To the sender of the messages, all I have to say is thank you and take care. Stay safe, snug and happy and thank you for sharing this with me. It meant the world to me. More than you can imagine. Get well soon. Be healthier than you ever were before and may you turn poison into medicine.

Note: I have taken the sender's permission to share the DMs and have intentionally blurred the identity of the sender. I hope you did not find it indulgent of me to share this but this is one of the most special moments of blogging over the last 13 years. 

Thank you for all your support and for reading.


What could be of interest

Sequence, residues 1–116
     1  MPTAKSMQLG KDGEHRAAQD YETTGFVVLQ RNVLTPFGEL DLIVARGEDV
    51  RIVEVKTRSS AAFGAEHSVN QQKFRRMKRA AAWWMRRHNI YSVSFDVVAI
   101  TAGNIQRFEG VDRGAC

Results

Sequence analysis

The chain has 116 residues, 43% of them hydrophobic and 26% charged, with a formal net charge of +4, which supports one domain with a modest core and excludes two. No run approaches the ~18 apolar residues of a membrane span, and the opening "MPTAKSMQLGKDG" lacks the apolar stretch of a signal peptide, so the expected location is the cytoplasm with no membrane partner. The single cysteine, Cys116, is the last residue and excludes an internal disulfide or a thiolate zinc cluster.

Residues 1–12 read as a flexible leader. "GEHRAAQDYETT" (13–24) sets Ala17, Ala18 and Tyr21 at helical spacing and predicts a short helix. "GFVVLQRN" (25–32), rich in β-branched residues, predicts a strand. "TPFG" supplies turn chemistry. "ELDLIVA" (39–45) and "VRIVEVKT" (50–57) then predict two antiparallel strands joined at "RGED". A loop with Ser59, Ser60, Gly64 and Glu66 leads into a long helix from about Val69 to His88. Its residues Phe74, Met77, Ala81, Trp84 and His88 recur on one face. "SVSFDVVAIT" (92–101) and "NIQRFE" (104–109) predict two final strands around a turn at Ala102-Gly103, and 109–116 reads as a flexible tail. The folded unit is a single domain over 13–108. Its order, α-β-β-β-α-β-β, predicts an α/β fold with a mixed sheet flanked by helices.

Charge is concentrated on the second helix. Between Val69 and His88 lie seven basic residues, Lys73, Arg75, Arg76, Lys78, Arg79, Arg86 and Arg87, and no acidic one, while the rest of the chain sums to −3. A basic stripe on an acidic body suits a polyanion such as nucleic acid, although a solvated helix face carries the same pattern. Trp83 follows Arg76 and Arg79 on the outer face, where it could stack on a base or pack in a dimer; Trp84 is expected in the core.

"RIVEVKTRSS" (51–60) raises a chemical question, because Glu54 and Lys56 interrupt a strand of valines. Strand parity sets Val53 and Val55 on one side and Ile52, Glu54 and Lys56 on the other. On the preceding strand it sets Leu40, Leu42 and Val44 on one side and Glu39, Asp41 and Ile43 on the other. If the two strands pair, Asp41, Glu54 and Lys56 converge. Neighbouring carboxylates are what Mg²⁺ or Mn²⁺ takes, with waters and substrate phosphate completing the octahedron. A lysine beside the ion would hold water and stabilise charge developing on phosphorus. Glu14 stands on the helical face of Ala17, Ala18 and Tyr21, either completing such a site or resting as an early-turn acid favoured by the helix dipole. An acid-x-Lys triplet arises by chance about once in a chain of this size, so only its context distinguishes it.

1. The story of my PG aunty
  2. How I got rid of the writer's block that took over my life
  3. Things that gave me joy in the lockdown
  4. What will customers expect from restaurants during lockdown?
  5. Freelancers during the lockdown
  6. How home chefs came of age during the lockdown
  7. The story of Baby Loaf
  8. Discovering the joys of leftover cooking


Kuntala said…
This comment has been removed by the author.
Unknown said…
I really enjoy reading your blog... Everyday bfast, lunch stories and life in general. I like the fact that your twitter posts are always positive, food related and non political. Alteast that's the reason i follow food bloggers, to read about stories revoling around food. So i look forward to reading your tweets as well as blog.
Pinku said…
Hey Knife,